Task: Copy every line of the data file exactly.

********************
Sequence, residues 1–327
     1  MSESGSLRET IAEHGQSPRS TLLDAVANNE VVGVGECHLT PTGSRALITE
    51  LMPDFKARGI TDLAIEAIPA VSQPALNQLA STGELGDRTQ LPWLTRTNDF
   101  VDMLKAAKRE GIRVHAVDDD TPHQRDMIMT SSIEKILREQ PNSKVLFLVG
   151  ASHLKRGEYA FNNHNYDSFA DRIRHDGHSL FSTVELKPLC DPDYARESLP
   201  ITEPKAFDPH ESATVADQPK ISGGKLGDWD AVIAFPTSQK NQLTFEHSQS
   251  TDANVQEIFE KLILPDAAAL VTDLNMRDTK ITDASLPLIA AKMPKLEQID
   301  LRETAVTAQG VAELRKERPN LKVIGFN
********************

Sequence, residues 1–327
     1  MSESGSLRET IAEHGQSPRS TLLDAVANNE VVGVGECHLT PTGSRALITE
    51  LMPDFKARGI TDLAIEAIPA VSQPALNQLA STGELGDRTQ LPWLTRTNDF
   101  VDMLKAAKRE GIRVHAVDDD TPHQRDMIMT SSIEKILREQ PNSKVLFLVG
   151  ASHLKRGEYA FNNHNYDSFA DRIRHDGHSL FSTVELKPLC DPDYARESLP
   201  ITEPKAFDPH ESATVADQPK ISGGKLGDWD AVIAFPTSQK NQLTFEHSQS
   251  TDANVQEIFE KLILPDAAAL VTDLNMRDTK ITDASLPLIA AKMPKLEQID
   301  LRETAVTAQG VAELRKERPN LKVIGFN